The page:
One some level…it’s almost enviable…But then you learn of the other aspects of that church…like how they never allow their members to stay away from the church grounds, for more than two days in a row…

      I hesitate to say “even our church isn’t that manipulative and life saturating”…because our church owned a school…and it really depended on who you were, and what your designated place was, where it came to how much personal autonomy you had. If you were a kid and you wanted no part of it, you’d have to do something extreme…like chronic misbehaving…getting caught smoking or drinking…you’d have to do something that offended the church so bad, that they kicked you out…Which in turn could cause problems for you, within your own family and home life…So, it wasn’t exactly “a free choice”…It came with a steep cost…I saw this happen with several kids, over the years.

      I think the only time I genuinely liked being in the church, is when I was really young…When it was more like story time and games…and when you looked forward to it, because you got to see your friends and hang out with them for a while after the church doings were over with…As I grew older, it just started loosing it’s enchanting allure.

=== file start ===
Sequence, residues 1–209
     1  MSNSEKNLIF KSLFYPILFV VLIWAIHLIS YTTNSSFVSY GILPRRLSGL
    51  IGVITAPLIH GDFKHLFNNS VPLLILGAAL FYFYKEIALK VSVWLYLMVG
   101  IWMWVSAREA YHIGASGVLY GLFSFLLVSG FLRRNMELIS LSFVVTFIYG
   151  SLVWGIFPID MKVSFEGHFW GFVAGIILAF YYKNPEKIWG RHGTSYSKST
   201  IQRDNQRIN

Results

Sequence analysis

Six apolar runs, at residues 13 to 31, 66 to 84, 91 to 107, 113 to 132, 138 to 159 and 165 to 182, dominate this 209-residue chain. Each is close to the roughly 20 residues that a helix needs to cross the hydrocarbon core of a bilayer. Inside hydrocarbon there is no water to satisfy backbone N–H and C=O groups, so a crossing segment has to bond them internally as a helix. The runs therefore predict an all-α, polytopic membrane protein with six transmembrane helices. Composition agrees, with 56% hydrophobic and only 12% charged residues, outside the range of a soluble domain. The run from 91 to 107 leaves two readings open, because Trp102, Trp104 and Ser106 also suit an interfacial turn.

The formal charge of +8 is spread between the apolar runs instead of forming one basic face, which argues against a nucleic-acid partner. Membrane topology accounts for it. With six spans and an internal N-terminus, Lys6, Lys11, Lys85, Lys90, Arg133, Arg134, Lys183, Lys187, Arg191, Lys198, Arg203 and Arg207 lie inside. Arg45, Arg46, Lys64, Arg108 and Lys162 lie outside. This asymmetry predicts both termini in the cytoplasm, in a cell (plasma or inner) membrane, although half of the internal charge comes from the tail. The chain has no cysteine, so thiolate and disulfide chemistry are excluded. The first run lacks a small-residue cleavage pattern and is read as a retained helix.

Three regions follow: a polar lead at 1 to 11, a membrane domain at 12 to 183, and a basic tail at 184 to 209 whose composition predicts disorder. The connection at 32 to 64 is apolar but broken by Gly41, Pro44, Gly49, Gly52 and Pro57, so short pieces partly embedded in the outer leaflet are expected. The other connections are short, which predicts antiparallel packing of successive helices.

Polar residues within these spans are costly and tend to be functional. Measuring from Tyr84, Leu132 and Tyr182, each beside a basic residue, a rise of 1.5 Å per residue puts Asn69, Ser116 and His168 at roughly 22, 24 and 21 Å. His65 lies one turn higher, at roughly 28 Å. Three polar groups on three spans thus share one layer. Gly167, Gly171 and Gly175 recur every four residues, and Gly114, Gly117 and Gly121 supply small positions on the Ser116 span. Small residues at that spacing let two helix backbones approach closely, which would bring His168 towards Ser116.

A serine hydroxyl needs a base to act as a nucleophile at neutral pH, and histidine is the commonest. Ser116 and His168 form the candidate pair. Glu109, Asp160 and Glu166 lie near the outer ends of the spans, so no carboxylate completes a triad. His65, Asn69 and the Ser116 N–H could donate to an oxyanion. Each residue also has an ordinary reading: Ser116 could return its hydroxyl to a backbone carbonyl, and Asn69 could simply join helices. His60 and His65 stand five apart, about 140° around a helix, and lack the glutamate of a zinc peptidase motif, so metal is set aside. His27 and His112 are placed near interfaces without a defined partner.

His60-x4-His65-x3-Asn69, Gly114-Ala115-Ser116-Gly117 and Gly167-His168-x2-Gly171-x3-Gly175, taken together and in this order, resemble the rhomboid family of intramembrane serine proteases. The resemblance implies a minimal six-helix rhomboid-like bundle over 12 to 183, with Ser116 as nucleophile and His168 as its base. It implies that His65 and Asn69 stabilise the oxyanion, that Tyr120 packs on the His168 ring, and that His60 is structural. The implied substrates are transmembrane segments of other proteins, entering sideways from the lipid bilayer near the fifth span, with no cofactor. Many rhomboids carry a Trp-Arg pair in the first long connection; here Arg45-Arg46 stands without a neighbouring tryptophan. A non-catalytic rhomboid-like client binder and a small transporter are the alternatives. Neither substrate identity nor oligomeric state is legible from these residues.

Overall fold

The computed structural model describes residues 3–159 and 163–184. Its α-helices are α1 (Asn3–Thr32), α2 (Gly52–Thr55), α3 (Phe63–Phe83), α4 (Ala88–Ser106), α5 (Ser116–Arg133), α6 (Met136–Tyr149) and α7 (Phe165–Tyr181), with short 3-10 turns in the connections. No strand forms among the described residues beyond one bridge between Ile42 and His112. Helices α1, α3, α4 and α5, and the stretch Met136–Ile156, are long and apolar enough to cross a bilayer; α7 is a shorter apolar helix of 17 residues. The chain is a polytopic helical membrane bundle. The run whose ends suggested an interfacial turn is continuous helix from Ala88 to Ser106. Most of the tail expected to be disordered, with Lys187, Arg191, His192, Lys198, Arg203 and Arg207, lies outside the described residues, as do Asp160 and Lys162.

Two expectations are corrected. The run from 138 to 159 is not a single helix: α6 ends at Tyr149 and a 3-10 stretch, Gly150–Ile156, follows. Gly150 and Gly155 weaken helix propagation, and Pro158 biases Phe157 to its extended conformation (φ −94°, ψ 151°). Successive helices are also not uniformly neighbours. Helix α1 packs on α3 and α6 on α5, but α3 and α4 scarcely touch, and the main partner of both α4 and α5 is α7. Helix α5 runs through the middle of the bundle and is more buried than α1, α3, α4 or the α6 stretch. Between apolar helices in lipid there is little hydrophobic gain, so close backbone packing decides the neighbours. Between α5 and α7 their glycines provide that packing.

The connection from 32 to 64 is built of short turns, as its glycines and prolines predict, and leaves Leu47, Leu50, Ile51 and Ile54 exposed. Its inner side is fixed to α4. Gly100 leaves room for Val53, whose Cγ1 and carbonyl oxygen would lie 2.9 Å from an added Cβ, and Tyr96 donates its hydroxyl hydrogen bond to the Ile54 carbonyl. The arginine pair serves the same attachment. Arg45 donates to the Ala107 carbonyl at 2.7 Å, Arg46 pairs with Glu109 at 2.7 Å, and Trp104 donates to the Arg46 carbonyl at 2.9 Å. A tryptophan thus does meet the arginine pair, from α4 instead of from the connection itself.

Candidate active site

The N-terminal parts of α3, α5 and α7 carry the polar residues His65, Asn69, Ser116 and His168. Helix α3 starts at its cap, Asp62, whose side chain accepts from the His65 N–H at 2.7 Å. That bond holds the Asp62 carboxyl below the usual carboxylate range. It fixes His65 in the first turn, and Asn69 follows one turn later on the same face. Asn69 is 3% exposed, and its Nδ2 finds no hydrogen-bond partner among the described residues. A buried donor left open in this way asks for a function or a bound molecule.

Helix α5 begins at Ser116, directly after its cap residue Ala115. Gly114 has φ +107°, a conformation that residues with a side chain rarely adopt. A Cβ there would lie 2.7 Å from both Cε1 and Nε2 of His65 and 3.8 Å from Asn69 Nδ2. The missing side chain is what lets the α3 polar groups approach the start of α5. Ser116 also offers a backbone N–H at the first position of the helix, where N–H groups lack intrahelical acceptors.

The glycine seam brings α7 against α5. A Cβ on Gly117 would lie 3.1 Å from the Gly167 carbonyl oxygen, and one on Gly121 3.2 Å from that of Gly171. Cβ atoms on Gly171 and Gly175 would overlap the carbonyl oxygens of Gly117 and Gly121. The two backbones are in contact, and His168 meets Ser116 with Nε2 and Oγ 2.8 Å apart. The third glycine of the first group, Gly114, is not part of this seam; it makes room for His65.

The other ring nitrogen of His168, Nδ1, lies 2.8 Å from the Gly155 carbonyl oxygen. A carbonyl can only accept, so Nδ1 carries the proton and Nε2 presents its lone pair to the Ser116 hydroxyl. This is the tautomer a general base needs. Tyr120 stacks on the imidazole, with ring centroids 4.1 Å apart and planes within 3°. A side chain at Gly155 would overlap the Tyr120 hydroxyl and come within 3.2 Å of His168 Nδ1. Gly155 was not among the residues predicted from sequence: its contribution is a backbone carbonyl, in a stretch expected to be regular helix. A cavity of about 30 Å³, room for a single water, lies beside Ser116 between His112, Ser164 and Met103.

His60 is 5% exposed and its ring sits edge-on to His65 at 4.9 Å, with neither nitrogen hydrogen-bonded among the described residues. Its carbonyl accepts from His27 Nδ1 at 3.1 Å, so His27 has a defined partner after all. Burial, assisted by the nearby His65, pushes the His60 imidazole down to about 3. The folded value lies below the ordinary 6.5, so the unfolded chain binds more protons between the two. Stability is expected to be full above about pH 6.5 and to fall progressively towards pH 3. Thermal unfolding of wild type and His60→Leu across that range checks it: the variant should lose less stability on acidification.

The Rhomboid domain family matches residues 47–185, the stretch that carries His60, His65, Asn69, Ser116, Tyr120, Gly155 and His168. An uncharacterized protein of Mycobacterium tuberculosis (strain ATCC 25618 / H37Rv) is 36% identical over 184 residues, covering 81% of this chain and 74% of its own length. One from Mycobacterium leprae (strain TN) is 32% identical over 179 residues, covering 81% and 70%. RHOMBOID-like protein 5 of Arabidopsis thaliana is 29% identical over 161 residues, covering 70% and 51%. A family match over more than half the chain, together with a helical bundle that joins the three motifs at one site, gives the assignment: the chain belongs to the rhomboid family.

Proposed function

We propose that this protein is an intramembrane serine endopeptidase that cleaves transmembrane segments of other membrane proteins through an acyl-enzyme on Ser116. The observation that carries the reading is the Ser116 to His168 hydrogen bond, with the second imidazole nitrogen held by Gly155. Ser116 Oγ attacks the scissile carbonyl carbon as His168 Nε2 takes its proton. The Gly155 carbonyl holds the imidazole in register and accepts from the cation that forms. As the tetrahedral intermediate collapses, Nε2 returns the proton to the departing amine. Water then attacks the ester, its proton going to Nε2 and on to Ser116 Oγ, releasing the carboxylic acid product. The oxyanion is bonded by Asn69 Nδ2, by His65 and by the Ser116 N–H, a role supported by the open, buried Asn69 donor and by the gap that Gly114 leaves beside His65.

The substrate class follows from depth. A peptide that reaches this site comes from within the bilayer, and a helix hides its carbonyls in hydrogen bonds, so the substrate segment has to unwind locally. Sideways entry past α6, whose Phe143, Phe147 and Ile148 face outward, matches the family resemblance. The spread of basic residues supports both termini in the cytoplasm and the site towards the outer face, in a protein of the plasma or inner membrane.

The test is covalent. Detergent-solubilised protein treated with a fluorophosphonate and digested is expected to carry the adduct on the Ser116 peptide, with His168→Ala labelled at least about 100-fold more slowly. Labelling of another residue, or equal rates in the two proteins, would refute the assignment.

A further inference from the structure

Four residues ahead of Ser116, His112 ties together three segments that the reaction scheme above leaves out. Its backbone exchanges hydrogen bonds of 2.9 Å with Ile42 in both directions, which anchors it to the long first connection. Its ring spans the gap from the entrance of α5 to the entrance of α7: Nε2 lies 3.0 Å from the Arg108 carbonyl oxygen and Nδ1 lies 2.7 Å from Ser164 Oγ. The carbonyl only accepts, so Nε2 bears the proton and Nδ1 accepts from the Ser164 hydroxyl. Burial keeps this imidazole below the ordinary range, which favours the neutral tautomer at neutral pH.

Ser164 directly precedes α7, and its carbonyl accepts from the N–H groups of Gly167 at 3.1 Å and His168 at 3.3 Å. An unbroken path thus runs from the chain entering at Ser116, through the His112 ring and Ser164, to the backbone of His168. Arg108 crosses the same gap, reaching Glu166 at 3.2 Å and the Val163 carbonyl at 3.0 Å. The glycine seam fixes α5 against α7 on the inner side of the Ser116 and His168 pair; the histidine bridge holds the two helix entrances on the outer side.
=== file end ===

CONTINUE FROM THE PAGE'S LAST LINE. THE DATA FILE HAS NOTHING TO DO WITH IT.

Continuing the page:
I still remember the first time a small group of us boys decided to sneak out of a group gathering…It wasn’t your typical small classes, that Sunday…we wouldn’t have been so easily identified as gone…We fond some place on the property, to just hang out and goof off…This was about third or fourth grade.

      1. Yure

        I never heard of the two-days rule. But there are other things I dislike, such as forbidding blood transfusion. Their argument is that the Bible says we shouldn’t drink blood and, if your doctor said that you aren’t supposed to drink alcohol, then you shouldn’t inject it in your veins. But if you drink alcohol or inject alcohol, it’s the same thing. But if you drink blood, the blood is destroyed by metabolism. If you inject blood, however, the blood is preserved.